The evaluation of the training will be carried out by comparing the pre (T0)-post (T1) differences of consultation performance of the IG and the CG. Therefore, the participants of IG and CG will conduct a videotaped medical consultation on palliative care related topics with a SP at T0 and T1. The consultations will be arranged individually between the physician and the SP and will take place in the familiar working environment of the physician. No further study assistant will be present, so that the setting is kept as naturalistic as possible.

Outcomes and measurement

Table 1 displays an overview of collected data, instruments, measurement points and sources of data. Measurements consist of external and self-assessed items. The following instruments will be used regarding our primary and secondary study outcomes.

Table 1 Overview of study measures

Primary outcome

Communication skills and consulting competencies addressing palliative care related topics

In order to assess the consultation performance of the physicians, we will develop different case vignettes, which will be varied systematically between the measurement points. While the severity of the disease will be comparable, the type of symptoms and the patient’s needs will differ from case to case.

Communication skills and consulting competencies addressing palliative care related topics will be assessed by the research team using the German version of the COM-ON-checklist (COM-ON = Communication in Oncology) [41], which is a valid instrument for the external assessment of communication behavior of oncologists consisting of 5 scales and 31 Items. Researchers will rate the videotaped physician-patient-consultations on a 5-point Likert scale by the following scales: general communication skills, specific skills: transition to palliative care, involvement of relatives and overall evaluation items. The fifth scale named disclosing information about clinical trials will be excluded, because in this context no such information has to be given, so that only 21 items are used. The instrument has proved to be valid and reliable [41].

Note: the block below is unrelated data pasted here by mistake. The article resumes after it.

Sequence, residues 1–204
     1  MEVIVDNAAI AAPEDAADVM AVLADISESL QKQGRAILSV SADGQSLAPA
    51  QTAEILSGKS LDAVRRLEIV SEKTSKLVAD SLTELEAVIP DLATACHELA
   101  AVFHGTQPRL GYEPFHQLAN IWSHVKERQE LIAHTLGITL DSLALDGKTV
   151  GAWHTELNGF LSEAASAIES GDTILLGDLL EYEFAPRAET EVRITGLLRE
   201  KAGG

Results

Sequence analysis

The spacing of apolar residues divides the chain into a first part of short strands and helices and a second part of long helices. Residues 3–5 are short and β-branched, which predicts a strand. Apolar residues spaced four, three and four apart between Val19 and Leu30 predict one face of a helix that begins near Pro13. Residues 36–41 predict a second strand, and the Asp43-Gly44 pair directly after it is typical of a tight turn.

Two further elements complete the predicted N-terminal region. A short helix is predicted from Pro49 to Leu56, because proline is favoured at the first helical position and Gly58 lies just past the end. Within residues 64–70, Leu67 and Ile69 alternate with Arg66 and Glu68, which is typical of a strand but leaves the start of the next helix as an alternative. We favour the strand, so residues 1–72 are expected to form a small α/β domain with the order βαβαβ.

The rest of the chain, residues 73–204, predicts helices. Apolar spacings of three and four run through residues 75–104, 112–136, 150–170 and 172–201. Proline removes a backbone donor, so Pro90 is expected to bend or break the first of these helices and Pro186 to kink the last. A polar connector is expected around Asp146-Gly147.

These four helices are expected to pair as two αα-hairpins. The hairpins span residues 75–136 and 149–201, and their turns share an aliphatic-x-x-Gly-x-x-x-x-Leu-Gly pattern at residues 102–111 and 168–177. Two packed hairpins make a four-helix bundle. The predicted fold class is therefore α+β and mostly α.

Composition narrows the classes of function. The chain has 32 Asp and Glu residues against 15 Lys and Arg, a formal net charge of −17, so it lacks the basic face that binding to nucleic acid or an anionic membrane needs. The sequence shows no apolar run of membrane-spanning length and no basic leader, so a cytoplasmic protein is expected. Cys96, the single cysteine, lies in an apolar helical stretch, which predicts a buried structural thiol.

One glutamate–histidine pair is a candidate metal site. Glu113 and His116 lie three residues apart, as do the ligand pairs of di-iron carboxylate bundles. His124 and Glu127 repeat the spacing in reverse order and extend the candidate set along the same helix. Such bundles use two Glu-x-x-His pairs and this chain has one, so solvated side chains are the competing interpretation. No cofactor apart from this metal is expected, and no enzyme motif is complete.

To ensure independent and blinded rating of the consultation, we will rotate the videotapes between the four research sites. Thus, the rater will not have any information on group membership (IG or CG) of the respective participant.

Secondary outcomes: external assessments

Consideration of palliative care principles